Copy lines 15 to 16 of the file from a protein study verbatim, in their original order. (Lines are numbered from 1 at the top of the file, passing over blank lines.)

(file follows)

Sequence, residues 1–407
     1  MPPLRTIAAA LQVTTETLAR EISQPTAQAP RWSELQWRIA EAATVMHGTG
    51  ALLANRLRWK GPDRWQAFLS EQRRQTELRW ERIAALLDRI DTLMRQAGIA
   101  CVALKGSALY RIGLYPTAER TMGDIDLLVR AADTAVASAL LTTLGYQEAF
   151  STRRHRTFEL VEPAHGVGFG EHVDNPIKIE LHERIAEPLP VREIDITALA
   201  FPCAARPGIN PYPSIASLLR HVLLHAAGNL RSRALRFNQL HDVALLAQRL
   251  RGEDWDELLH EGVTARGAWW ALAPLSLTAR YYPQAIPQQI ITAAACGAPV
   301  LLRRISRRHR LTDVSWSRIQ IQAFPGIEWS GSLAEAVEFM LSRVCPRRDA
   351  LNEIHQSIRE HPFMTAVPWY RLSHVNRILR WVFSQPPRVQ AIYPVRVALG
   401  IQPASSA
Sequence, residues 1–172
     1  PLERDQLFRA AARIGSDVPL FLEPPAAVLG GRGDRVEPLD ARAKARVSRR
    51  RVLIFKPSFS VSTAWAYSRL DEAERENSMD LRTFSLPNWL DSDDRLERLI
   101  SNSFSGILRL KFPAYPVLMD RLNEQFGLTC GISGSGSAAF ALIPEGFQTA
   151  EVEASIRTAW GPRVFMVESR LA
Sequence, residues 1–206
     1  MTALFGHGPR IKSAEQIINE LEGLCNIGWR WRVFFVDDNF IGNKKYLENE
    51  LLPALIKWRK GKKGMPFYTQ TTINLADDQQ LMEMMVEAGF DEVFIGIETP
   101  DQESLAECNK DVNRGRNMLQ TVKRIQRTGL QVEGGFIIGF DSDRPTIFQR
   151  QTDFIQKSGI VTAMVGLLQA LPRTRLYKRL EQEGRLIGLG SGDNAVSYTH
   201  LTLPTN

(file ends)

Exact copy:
   151  EVEASIRTAW GPRVFMVESR LA
Sequence, residues 1–206